Explaining performance in an Executive MBA



Reeves, A and Rimmer, Russell (2008) Explaining performance in an Executive MBA. The International Journal of Management Education, 7 (1). pp. 13-28. ISSN 14728117

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Abstract

The search for characteristics that predict student success is vital as MBA and executive MBA (EMBA) staff seek to attract new entrants. Using data from the University of Paisley’s EMBA over 1999-2005, the model developed and tested here synthesises rational choice theory and the student integration model (SIM), in conjunction with critiques of student learning. Information gleaned from student application forms indicated intentions of: integrating academically; integrating socially via networking; career progression; and, obtaining a qualification. Students seeking academic integration performed better (judged by higher graduate GPAs) than students giving other reasons. Students giving networking as a reason for applying had slightly lower graduate GPAs. In the synthesised model, work experience should affect learning in graduate school. An alternative to the usual measure of experience used extensively in the literature was used. Breadth of experience along with sector of employment at the time of entry yielded significant effects for the experience measure in its own right and in its interaction with sector of employment. It is to be hoped the findings in the current paper will stimulate further research into the linkages between graduate GPA, positions held and competencies, roles and tasks exercised in them.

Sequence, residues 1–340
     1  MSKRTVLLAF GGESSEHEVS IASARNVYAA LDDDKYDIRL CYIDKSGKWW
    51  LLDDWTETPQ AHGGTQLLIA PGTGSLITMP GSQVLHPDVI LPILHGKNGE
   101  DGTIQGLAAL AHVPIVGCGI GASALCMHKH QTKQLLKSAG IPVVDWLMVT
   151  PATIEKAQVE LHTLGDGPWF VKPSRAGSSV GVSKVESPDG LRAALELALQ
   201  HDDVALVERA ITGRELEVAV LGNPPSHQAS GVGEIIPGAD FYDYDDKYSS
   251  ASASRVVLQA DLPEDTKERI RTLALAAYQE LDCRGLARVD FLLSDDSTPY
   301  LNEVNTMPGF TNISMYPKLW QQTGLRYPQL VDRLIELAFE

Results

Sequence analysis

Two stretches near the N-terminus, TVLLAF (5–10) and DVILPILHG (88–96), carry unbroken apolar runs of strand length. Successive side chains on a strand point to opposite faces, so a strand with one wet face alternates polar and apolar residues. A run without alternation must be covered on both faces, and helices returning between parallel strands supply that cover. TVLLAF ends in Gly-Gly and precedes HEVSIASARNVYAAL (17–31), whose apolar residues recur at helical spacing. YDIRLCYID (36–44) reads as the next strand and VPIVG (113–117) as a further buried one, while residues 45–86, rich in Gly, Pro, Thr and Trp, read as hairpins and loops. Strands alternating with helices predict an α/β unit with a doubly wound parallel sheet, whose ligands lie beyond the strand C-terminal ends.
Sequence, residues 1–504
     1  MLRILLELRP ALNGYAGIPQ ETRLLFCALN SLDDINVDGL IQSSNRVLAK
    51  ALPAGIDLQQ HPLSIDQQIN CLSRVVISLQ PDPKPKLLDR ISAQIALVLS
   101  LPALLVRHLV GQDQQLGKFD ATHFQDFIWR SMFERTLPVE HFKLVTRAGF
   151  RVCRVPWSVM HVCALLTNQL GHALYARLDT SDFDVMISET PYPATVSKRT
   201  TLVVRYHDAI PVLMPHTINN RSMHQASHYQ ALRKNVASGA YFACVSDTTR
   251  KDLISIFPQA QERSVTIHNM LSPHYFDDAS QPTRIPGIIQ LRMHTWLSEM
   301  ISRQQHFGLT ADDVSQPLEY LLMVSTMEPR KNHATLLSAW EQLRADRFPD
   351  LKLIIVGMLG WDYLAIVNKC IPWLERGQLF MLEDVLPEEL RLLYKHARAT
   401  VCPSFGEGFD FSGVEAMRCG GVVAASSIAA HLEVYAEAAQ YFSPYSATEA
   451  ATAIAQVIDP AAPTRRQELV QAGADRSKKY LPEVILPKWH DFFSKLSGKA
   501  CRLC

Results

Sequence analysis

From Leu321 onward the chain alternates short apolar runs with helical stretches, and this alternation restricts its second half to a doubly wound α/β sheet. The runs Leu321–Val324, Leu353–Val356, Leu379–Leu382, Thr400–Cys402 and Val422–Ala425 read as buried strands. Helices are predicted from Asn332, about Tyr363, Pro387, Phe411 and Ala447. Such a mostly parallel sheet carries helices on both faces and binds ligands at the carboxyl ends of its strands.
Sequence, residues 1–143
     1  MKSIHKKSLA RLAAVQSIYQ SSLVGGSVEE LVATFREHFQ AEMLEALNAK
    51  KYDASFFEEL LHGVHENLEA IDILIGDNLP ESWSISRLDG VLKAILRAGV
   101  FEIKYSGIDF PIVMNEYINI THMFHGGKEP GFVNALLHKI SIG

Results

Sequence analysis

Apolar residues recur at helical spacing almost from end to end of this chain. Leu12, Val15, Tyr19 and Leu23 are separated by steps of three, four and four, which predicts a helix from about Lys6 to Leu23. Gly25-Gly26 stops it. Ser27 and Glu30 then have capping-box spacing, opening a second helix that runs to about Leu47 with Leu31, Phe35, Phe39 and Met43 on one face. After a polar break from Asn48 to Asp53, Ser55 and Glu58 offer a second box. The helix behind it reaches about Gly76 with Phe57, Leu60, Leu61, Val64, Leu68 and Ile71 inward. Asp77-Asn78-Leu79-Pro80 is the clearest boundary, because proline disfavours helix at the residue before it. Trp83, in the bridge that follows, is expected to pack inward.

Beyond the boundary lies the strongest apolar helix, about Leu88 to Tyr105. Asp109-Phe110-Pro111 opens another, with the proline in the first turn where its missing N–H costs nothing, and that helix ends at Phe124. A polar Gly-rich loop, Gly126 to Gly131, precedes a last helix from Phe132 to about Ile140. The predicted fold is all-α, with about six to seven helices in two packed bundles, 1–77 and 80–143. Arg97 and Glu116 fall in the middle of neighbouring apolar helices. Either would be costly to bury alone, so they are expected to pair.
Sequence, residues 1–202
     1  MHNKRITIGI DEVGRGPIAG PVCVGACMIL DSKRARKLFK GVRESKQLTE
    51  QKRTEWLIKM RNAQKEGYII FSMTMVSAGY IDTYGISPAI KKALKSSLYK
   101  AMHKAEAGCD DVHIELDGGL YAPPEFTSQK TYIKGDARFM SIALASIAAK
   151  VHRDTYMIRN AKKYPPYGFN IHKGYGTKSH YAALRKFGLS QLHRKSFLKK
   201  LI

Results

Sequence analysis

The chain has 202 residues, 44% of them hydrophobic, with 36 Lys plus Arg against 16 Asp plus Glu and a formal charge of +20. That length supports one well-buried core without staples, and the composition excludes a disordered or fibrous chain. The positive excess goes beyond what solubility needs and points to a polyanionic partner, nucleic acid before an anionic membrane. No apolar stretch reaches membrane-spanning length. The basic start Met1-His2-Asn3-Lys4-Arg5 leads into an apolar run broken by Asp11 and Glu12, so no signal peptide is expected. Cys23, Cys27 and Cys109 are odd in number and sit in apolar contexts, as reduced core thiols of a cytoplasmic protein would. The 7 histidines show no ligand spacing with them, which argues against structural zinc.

Item Type: Article
Uncontrolled Keywords: executive MBA; academic integration; social integration; work experience
Divisions: School of Arts, Social Sciences and Management > Business, Enterprise & Management
Date Deposited: 22 May 2009 10:35
Last Modified: 19 Mar 2014 12:54
URI: http://eresearch.qmu.ac.uk/id/eprint/175

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